NORTHWEST ARKANSAS (KNWA/KFTA) — Not every child is born into a loving family, so KNWA and FOX24 have teamed up with Post Consumer Brands and Project Zero to highlight kids who’re up for adoption in Division of Children and Family Services (DCFS) custody.
Currently, parental rights have been terminated for 329 kids in the Natural State, which means they are available for adoption, according to Kristy Franks with DCFS.
“A lot of those children are school-aged children and teens and we also have a lot of sibling groups that are needing to be adopted,” Franks said.
It’s sibling groups, and kids who’re older, who Franks said typically have a harder time getting adopted. In turn, they end up spending much of their youth moving from foster home to foster home.
Together, DCFS and Project Zero work to get these children seen by pre-adoptive families.
On its website, Project Zero features photos and videos of each child/ sibling group eligible for adoption across Arkansas in its Heart Gallery.
“We ask them, you know, questions about what they might want in a family and then what they enjoy doing in life,” Project Zero’s Tiphanie Gurwell said.
These resources give families who’re interested in adopting, a chance to learn more about the needs and wants of each child.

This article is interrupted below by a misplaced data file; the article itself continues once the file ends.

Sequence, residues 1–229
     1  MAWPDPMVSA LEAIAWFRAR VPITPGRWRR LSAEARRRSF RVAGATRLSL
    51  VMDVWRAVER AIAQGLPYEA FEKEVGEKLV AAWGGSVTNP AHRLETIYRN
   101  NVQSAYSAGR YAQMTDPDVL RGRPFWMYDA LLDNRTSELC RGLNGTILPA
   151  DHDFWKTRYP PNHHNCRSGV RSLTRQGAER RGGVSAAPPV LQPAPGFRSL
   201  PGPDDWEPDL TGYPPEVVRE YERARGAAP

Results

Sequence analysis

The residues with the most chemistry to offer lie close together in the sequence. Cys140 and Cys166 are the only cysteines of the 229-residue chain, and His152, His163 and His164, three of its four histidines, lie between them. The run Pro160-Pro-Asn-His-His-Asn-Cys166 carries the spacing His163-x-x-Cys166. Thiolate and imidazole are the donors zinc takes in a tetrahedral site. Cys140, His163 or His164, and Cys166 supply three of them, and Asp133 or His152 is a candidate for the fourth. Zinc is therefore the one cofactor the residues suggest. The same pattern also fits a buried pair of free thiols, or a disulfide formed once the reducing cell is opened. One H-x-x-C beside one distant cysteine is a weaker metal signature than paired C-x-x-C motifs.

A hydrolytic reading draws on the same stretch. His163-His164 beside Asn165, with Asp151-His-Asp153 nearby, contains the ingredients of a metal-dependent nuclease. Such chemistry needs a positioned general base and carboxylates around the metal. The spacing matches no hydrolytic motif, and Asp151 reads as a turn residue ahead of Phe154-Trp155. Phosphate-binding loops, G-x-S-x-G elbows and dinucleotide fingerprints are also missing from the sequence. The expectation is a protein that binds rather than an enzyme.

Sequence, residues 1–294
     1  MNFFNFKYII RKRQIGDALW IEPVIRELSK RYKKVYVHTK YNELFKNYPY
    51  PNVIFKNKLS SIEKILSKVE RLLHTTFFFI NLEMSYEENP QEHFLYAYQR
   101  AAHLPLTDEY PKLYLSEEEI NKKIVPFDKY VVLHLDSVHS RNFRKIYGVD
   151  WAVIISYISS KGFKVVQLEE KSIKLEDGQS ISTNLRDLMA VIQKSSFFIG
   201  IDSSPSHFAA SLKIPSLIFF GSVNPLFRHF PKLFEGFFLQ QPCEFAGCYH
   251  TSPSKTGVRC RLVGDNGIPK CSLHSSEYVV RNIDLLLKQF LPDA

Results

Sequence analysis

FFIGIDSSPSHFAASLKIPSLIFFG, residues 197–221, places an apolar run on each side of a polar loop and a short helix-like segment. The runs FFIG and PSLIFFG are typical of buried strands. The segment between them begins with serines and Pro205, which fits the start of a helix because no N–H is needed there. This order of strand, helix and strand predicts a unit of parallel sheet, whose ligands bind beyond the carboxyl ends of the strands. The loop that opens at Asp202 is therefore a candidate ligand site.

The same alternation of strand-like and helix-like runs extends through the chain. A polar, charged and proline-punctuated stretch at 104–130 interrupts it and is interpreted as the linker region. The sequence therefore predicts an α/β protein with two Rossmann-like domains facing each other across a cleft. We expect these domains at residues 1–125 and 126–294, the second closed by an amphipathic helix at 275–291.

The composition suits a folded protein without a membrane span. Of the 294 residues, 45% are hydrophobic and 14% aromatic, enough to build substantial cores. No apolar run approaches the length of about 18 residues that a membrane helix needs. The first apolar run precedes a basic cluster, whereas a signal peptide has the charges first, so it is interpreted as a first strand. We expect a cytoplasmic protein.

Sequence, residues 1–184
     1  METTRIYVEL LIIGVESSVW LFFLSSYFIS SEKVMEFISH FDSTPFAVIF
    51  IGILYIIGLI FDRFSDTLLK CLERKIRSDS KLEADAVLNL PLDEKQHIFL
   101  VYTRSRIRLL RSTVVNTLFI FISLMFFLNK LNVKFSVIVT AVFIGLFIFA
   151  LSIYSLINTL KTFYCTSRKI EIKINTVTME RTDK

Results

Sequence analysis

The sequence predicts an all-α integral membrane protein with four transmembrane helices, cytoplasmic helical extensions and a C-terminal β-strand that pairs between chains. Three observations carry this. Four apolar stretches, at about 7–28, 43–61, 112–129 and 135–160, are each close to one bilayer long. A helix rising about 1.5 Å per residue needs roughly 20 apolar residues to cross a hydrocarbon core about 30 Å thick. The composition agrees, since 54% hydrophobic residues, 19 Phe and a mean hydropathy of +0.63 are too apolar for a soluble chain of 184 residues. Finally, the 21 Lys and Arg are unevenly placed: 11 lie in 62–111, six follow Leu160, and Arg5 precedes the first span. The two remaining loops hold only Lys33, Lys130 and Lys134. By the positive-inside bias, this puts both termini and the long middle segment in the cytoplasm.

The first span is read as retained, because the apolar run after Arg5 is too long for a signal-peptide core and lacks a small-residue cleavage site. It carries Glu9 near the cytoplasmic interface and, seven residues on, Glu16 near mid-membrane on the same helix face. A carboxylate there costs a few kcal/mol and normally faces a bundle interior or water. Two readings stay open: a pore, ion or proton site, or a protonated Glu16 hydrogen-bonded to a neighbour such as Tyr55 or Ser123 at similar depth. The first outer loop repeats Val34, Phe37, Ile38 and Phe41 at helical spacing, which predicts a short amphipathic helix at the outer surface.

“They are searching and searching and searching for something they’ve never known. You have the opportunity to give that to them,” Gurwell said.
Project Zero also facilitates connection events for foster kids and potential families.
“Our job is really to just kind of come in and take a little burden off and give another way for families to come and meet kids,” Gurwell continued, “the families come in, they interact, they get to inquire about kids that they’ve met that day that they felt a connection to and then we pair them up with the adoption specialist and then hopefully they’ve found a family.”
“DCFS comes alongside them and helps get the children and pre-adoptive families at these events and we help facilitate the one on one interaction with the families and the children,” Franks said.
While they’re usually held in person, the coronavirus pandemic has forced these meetings online. They’re now conducted over zoom and are called “zooming for zero.”
Gurwell said while it’s not ideal, these zoom interactions have been successful in finding families for local foster children.
Not everyone can attend these get-togethers though. They’re only open to families who’ve been approved by the state to become a foster/ adoptive home.
Once that’s taken care of, Gurwell said the easy part is opening up your home.
“It’s going to be hard. It’s going to be worth it. It’s about the kid. It’s about what we can offer them, not necessarily what they can offer us,” Gurwell said.
While Franks said many families choose not to adopt out of fear it’ll be to expensive, it’s actually almost entirely free. She said the only thing a new family will need to pay for is a physical exam and a new birth certificate.